Chelation therapy could hold the key to the basic treatment of some of our greatest killer diseases, those of the cardiovascular system. The diseases, all characterized by the same basic abnormality, that is, narrowing and closing off of the blood vessels, can affect any organ of the body. Everyone is familiar with the clinical picture of coronary heart attacks and strokes (hemorrhage of the brain) however, many other diseases such as diabetes, thyroid, adrenal disturbance, digestive problems, senility, emphysema, arthritis, multiple sclerosis, etc., may also be caused, at least in part, by interference with the proper delivery of blood to vital structures. Every cell of the body is totally dependent on the blood circulation to bring the essential nutrients to it and to take away the toxic products of metabolism. Any process that interferes with this constant flow will upset the delicate balance in the cell, change its ability to function properly, allow it to fall prey to toxic or hostile elements in the environment of that cell or tissue, and eventually may result in disease.
Fortunately, the circulatory system has a built-in safety mechanism to withstand a certain amount of obstruction. The flow through the average blood vessel is greater than the organ it supplies really needs. In fact, it is not until the blood flow is reduced to about 50% of normal that significant changes can be noted in the tissues supplied.
This great margin of tolerance is what permits young people to function without symptoms of clinical disease even though the process of arteriosclerosis has already produced measurable narrowing of arteries. Certain genetic factors, as well as nutritional defects, environmental poisons, stress factors, air pollutants, etc., may accelerate with patients in their forties until they are struck down in the "prime of life" by coronary attack or stroke. Military records show that in the Vietnam conflict about 95% of the bodies autopsied—between the ages of 18 and 25, representing the best physically fit men in America—had coronary artery disease. This shows that this disease does occur early in life. The statistics were almost identical to those from the Korean conflict.
All too often physicians have reassured many people, shortly before the catastrophe, that they are in the best of health. Anyone who assumes that a person is in excellent health in this day and age, on the basis of a few normal tests, is being dreadfully naive.
No one develops a coronary attack or stroke or peripheral vascular thrombosis or clot formation without a background of slow, insidious disease of the vessels. Until this fact is universally recognized, medicine will not advance beyond the cookbook style of "symptom" therapy. The greatest advance in preventive medicine lies in the medical community's accepting this method of clearing the arteries of the deposits that close them BEFORE the symptoms, or attacks which make the disorder obvious to everybody. This is where chelation therapy has its greatest future.
An Example of Chelation
The word chelate comes from the Greek word "chele" meaning "to claw" (as a chicken). It refers to the way certain chemicals and body proteins can bind certain metallic ions that are positively charged to a negatively charged chelating agent. Most metals have a positive valence (electrical charge) of two. The chelating substance has negative charges of two that can combine with the positive ones of the metal and hold it fast in a pincers-like grip (as a claw). This combination or "chelate," has entirely different properties from the metal alone or the chelating material alone. The binding of the metal is very sensitive to changes in temperature, acidity, metals, and other chemicals in the body. This means that although the metal is tightly held, a change in the above conditions can result in release of the metal and an exchange for another one, or binding of more or less the same metal. In this way, chelators naturally present in the body can pick up metals from one location, transport them to another, and rapidly release them when the local tissue factors change.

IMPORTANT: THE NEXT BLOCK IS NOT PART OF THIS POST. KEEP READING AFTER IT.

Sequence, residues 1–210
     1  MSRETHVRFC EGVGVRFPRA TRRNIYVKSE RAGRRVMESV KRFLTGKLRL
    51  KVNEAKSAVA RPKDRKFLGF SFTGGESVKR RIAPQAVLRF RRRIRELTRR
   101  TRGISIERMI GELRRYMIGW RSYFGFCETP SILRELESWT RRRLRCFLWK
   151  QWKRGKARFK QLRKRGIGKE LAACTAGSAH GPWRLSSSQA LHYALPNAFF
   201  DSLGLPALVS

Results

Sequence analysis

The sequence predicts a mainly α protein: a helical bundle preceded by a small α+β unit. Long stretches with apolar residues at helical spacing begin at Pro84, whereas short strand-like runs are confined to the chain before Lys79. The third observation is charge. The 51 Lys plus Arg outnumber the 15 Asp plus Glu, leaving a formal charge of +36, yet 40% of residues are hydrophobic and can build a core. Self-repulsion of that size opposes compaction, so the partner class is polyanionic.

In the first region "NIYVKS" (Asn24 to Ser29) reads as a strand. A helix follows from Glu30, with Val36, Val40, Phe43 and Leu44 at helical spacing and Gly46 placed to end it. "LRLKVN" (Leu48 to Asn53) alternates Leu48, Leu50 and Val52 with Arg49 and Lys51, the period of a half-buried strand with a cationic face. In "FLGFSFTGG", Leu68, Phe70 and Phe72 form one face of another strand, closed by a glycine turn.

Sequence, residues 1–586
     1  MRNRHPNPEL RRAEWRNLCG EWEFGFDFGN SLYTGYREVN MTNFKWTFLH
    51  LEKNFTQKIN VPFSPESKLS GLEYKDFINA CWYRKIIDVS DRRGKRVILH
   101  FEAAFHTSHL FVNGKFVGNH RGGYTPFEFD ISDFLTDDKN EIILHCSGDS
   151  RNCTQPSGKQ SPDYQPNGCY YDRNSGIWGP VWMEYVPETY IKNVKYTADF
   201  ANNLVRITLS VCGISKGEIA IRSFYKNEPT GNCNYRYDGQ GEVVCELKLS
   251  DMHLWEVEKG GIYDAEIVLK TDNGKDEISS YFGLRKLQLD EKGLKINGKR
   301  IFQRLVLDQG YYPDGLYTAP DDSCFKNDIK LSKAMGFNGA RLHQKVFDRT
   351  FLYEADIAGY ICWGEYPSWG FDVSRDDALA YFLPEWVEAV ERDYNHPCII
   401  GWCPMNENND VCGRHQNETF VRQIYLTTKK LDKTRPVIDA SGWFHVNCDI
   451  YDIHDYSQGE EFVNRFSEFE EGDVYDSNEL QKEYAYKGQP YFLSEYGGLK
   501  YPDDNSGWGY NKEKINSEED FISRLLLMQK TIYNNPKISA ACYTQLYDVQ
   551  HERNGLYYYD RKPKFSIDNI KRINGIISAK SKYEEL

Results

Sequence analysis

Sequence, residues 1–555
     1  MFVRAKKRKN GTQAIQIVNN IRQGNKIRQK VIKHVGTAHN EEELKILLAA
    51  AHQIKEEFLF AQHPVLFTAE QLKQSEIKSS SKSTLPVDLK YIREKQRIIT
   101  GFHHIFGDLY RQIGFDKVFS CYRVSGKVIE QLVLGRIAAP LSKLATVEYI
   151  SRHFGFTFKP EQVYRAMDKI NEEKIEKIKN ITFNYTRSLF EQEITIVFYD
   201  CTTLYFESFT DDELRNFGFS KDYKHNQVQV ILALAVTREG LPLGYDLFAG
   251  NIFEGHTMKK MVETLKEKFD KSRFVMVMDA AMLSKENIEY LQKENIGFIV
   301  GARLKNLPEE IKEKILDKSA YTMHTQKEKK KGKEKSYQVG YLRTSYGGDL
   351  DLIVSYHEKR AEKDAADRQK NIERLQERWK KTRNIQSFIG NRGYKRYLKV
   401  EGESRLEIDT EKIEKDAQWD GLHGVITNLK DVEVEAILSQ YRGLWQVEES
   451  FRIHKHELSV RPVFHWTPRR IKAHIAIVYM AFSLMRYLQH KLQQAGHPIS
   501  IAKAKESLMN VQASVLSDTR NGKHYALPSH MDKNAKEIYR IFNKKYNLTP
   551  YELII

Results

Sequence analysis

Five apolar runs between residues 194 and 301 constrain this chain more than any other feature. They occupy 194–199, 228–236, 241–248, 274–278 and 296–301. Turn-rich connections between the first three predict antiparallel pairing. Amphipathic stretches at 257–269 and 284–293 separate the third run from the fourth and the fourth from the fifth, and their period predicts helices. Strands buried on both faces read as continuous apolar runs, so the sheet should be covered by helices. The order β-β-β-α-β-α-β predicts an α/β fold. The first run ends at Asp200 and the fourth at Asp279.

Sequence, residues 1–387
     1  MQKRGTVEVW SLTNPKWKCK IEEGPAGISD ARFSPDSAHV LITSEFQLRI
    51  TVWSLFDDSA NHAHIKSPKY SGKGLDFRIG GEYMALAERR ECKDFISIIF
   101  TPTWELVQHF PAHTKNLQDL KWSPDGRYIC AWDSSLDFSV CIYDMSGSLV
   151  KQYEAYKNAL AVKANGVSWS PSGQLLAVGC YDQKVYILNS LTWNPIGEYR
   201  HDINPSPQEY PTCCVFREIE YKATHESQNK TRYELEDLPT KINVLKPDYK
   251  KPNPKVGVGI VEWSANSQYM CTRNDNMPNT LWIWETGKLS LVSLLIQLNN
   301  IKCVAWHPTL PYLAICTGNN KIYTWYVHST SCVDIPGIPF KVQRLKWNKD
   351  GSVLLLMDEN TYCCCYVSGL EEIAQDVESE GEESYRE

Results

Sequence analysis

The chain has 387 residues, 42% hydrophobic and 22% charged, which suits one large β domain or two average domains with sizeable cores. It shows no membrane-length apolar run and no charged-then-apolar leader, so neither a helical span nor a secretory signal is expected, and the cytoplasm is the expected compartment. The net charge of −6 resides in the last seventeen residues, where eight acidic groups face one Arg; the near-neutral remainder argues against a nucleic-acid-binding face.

Iron and zinc are two important metals present in the body, and their transportation and migration in and out of cells are handled by the chelating process. The iron in hemoglobin, which is the pigment present in the red blood cells and is the oxygen carrier is an example of a chelated metal. In the plant world, chlorophyll, the green pigment that converts carbon dioxide and water into starch, is a chelate of magnesium.
This is a natural process and occurs in nature in many ways. It was not until 1942 that such chemical reactions were first discovered or explained and described by the biochemist. Now it is generally known and accepted that all the plant foods present in the soils are there in the chelated forms, and all the reactions such as we have just mentioned are chelated reactions. This method is widely used and certainly there is more research being done on it now than any other subject in biochemistry. A computer MEDLARS search of literature reveals over 3,500 articles have been written on this chemical process since 1966, as well as several books.
We believe very strongly in this method of therapy and feel it is a vital part of medicine of the future. That is why we believe so strongly in the "wholistic" approach to medicine. We must understand the whole person and also understand the cellular concept so we can understand the chemical reactions in the individual cells. I think this is very important, and medicine of the future lies with the doctors who truly understand the biochemistry of the human body because, after all, the human body is similar to a "biochemical" factory. Medicine of today, by necessity, is "bio-medicine." Unless we know what is going on inside the cells, chemically speaking, we cannot do a good job in treatment of patients. For these reasons, I believe I have a right to my concept of medicine.